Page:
New hearing after court removed home from district

Mosley shown after renovations. Image: LPC
Mosley show at the time of designation. Image: LPC

Contentious public hearing held on re-inclusion of private home into Queens historic district. Over a year after a court vacated Landmarks’ decision to include 41-45 240th Street into the Douglaston Hill Historic District, Landmarks held a public hearing on its re-inclusion on March 13, 2007.

Landmarks originally included 41-45 240th Street, a private home owned by Kevin and Diana Mosley, within its December 2004 designation. The Mosleys challenged their home’s inclusion and the designation of the entire district, arguing that the decision was arbitrary and Landmarks ignored evidence suggesting their home dated to the 1920s, not the 1870s as Landmarks claimed. In December 2005, a court upheld the designation of the Douglaston Historic District but removed the Mosleys’ home from the district, ordering Landmarks to hold a new hearing and consider the Mosleys’ evidence. 3 CityLand 15 (Feb. 15, 2006).

Two months after winning their court challenge, the Mosleys received permits from the Department of Buildings and began extensive renovation work to completely replace the roof, add two large additions, replace the siding, and build a new porch. A year into the renovations, in January 2007, Landmarks calendared the Mosleys’ home for re-designation, halting all work and leaving the renovations to the house 75 percent complete.

At a well-attended hearing, members of the Douglaston/Little Neck Historical Society spoke in strong support of inclusion. Arthur Kelly, a Douglaston resident since 1925, explained how the house reminded him of what the neighborhood was like 75 years ago. Simeon Bankoff, representing the Historic Districts Council, argued that regardless of whether the house was built in the mid-19th century or the 1920s, it still “reflects an important moment in the development of Douglaston Hill.” Bankoff went on to argue that, in either case, the house fit perfectly within Landmarks’ description of the district as “wood frame houses constructed largely between 1890 and 1930.” Roger Lang of the Landmarks Conservancy agreed, arguing that there was no evidence before Landmarks that changed the validity of the original designation.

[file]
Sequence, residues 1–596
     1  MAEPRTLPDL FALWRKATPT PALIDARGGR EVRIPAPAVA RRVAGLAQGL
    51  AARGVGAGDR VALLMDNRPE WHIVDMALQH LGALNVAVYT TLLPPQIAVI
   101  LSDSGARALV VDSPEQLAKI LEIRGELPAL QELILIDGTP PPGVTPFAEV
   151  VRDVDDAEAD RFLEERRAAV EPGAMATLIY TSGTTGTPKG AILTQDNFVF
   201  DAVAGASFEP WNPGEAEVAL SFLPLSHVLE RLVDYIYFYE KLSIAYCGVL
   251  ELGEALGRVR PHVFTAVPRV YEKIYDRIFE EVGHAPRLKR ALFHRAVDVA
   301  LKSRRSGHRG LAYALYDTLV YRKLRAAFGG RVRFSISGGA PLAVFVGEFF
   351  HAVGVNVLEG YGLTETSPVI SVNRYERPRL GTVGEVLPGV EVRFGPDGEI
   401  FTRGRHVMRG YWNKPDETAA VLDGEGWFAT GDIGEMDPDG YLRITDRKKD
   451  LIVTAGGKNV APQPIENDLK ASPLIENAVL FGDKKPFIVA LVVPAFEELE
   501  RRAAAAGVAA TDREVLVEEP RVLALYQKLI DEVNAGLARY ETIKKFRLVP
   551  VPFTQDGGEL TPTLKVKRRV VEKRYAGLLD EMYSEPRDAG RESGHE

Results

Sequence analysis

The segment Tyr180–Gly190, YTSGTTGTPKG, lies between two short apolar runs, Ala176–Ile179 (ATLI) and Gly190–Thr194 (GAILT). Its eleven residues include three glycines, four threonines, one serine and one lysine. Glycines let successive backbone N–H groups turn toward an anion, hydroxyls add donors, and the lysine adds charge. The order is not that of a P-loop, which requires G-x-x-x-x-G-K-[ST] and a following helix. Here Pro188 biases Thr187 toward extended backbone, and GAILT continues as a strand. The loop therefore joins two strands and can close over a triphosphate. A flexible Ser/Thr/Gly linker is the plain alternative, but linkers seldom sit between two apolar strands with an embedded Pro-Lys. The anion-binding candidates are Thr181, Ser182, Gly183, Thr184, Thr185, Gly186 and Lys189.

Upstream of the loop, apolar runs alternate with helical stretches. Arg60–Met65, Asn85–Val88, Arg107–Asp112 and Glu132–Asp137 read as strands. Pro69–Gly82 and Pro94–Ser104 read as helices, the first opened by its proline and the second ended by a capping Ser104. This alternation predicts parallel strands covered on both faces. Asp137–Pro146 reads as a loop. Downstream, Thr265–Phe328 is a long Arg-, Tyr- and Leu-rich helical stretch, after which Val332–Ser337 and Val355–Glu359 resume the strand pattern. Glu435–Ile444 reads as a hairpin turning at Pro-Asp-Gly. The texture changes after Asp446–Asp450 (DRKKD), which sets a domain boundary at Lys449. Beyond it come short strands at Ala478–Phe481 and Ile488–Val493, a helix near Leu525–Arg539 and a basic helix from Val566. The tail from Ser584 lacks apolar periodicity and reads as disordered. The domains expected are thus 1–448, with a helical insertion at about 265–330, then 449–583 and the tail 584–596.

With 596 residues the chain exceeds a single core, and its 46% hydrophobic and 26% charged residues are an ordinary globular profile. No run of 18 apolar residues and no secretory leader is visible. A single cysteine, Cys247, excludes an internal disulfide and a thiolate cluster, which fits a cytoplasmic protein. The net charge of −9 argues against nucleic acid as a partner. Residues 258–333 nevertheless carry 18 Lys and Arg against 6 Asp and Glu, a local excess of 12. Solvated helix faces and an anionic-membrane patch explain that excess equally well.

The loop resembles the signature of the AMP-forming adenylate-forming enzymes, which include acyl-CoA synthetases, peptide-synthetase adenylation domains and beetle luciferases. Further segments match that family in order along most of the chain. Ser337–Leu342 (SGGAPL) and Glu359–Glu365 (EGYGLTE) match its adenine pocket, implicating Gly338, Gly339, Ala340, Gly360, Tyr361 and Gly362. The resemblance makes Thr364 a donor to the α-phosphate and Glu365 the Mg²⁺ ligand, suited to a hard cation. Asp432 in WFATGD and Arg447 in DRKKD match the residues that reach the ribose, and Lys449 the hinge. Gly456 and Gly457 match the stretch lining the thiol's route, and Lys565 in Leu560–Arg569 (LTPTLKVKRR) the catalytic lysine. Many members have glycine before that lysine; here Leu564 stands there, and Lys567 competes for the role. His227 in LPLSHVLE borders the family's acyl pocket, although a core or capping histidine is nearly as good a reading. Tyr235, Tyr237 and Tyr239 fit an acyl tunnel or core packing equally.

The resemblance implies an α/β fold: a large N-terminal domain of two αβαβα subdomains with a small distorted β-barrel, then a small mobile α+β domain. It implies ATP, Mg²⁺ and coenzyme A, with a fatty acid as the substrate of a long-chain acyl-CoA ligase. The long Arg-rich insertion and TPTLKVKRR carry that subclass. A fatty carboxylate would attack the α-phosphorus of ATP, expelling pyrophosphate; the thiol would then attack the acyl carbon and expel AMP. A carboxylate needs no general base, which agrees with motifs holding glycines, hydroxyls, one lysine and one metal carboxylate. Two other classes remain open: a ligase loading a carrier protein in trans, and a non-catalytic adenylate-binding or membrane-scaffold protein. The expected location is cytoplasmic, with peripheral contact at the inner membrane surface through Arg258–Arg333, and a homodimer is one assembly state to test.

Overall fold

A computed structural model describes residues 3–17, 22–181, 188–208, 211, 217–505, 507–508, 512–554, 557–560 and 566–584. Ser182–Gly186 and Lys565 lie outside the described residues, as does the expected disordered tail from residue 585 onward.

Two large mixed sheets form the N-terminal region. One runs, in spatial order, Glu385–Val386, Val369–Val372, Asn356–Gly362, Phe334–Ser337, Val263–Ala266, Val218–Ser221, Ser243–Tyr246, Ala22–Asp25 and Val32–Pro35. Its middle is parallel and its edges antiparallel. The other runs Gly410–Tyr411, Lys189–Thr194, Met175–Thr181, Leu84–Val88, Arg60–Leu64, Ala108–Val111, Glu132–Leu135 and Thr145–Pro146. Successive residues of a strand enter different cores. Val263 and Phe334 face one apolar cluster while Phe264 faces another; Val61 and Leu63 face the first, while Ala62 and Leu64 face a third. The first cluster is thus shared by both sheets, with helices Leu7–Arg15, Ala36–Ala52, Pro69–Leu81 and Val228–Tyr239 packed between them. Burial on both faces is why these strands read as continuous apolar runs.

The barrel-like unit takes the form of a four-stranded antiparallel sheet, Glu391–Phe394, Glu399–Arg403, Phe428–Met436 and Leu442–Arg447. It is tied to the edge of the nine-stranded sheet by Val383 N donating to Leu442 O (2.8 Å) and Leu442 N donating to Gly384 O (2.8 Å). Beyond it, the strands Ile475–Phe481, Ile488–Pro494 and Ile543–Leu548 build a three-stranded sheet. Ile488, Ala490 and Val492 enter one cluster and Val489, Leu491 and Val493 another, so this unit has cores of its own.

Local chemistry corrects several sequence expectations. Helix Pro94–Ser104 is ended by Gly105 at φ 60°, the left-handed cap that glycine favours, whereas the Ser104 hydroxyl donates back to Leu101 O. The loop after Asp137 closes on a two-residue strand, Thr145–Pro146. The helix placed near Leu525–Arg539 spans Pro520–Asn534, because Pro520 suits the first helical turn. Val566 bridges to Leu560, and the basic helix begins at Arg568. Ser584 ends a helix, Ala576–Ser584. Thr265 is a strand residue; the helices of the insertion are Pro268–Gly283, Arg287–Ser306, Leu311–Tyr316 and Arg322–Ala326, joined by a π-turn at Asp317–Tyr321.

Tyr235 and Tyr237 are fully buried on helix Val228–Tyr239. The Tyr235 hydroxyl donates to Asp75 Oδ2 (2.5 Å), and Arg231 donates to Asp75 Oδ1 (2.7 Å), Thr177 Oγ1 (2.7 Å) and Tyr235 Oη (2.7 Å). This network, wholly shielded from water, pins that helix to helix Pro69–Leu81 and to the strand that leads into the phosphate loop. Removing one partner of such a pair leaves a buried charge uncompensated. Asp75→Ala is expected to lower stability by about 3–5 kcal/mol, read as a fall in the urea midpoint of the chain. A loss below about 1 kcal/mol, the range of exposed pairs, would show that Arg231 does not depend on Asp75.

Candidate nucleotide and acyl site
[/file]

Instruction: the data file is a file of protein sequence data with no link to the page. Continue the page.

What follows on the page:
The Mosleys remained opposed, explaining that in the year following the court decision while Landmarks took no action, the Mosleys could have demolished the house and built a “McMansion” like several of their neighbors. Instead, Kevin Mosley said they decided to keep the house within the character of the neighborhood by making alterations. His family spent “every cent” it had and designation would significantly increase renovation costs. Diana Mosley added that inclusion of the home no longer made sense since “for all practical purposes, it is a new home.”

In the Mosleys’ presentation, they alleged that an architect-member of the Douglaston/Little Neck Historical Society, the group that led the efforts to designate the area, approached the Mosleys after designation and offered to act as their architect on any renovations. The Mosleys believed that some of the opposition stemmed from their choice to do the work without an architect. It was inappropriate, in the Mosleys’ opinion, for people to push for designation and then gain from the designation after the area was landmarked.

The Mosleys presented a signed petition from 50 neighbors who opposed re-inclusion. The Mosleys also asked Landmarks to delay its vote until after they finished their renovations.

Landmarks has not set a date to vote on the designation.

LPC: 41-45 240th Street (LP-2255) (March 13, 2007).


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